A murder

Renoir, Le Moulin de la GaletteMan could not pay his debts. He strangled his wife and her nine year old daughter (probably), and shortly after died in a police cell.

One debtor I pursued would pay my client the supplier just before making his next order. Eventually the supplier got fed up. Several made up spurious complaints about goods supplied: almost always I acted for the creditors, but once I acted for the debtor, and it was my client trying that on. Sometimes it seems that the debtor would rather pay more money to a solicitor, to avoid paying a smaller debt- or, perhaps, run up fees without intending to pay them, either.

I have always dealt with these people at one remove, but have met fantasists. One woman told me she had been dismissed after transition, and her manager had written to the Human Resources worker: “Never send me a pervert like that again”. The HR worker was so shocked by this that she sent the letter to my friend, who used it to obtain £75,000 in compensation. The way I have told it, the story is full of holes: she told it slightly better, and I cannot remember or care how she filled in those holes. She also told me that she had two X chromosomes, but one had an “SRY inclusion factor” which had made her develop in the womb as a male. Apparently this is possible but uncommon. She told me “You look so feminine, possibly you have that too”- and I went away in a dream, to crash down to earth shortly after. I still resent her for that. I met one fantasist and heard later of her terrifying violence.

Then there were the two men who had served seven years for attempted murder. After one lost his DLA appeal, he started a long paranoid rant about how people in the DSS were conspiring against him. He had all his anger and malice, but prison had broken his ability to carry it out, except to his partner and children. As for the broken, grey woman who had chosen the other one, I never heard her speak.

Treading on difficult ground, here. I started with a specific case known to a specific person, whom I would like to call a friend even if a blogging connection seems too tenuous for that. Some reading will know whom I mean. I write selfishly- I do everything from selfish motives- and I am trying to be constructive. I can use both empathy and analysis, separately.

These people are at the tip of the bell-curve, but not a species apart: they show what humans are capable of, just as our heroes do. We can distance ourselves by seeing them as the enemy, the out-group- cockroaches, infidels, “gay activists” are such out-groups, and this is more difficult for me being in one such out-group myself. They show what those around me might be capable of. Yet- not everyone is like that: out of luck, we manage to avoid such urges, and rub along together.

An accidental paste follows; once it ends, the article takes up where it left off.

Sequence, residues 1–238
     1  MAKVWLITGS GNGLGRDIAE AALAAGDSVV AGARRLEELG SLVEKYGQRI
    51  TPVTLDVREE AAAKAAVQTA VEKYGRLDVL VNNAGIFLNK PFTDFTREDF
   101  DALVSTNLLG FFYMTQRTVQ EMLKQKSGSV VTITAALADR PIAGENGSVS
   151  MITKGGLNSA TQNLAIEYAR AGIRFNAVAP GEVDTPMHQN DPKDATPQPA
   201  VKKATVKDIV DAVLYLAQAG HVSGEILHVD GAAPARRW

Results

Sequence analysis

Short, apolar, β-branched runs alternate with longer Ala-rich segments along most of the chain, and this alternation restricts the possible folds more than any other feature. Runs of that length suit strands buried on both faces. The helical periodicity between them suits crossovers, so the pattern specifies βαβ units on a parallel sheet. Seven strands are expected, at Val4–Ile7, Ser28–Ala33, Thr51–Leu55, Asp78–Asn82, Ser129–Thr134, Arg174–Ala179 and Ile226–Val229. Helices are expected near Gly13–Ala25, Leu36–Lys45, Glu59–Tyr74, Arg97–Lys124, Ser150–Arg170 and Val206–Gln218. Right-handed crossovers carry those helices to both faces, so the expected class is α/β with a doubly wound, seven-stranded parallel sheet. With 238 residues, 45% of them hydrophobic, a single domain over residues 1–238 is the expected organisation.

Seeing one beggar at close quarters makes a far greater impact on me than knowledge of thousands of them in the city. This is a human response. It is the way we are wired up.

7 thoughts on “A murder

  1. Wow … you totally moved me with this one. I just simply adore you. In another life you were clearly my sister. I think gender transitioning must be more common over here, because I know quite a few. My stunning friend Alicia I first met as Alan, and now everything from passport to school reports say Alicia … if she has worries or doubts, she certainly doesn’t show or express them. She’s been with the same hunk o’ man now for about two years?

    Mind, that’s not what interested me about your post … what interested me was the truth-telling, the honesty, the straight-forward expression. Ironically, a friend and I were just talking about how the Brits have trouble with this ! We were wrong.

    If you ever feel like coming to New York for a visit, let me know … I have a spare room (which opens on the living room, so it’s a bit odd … oh, I forgot, you’re the guest, I give you my room!) and it would be such fun getting to know you. Are you straight or lesbian?

    Best, Mark


    • The truth telling is my main thing here, discovering and validating my own responses. The British are moving. I saw the explosion of feeling over the death of Princess Diana as mass hysteria- so few of us, it seemed, looked on in amazement- but it was a sign of increasing emotional expression. On meeting, we kiss cheeks, which we would not have done twenty years ago.

      Thank you for the invitation. That perspective on that skyline would be something to see. I am lesbian.


  2. I call you my friend, confidently.
    Did I already tell you that my guest looked suspiciously like you? A lovely lady named Teresa with an utterly interesting and English sense of style. On the last day she had on a long peacock blue knit dress that only left her heels of the same colour showing. Her jewellery was chunky, some with Greek turquoise.
    She lives in a glorious house in Sussex, but she’s part Welsh. Her grandmother and Mike’s grandmother were sisters.


    • No more equivocation or nervousness, then- I call you “friend”.

      Long skirts are out, as far as I can see, except formal evening, which is a shame: and necklines up, against the chunky pendants. Though some people make whatever they wear stylish by wearing it.


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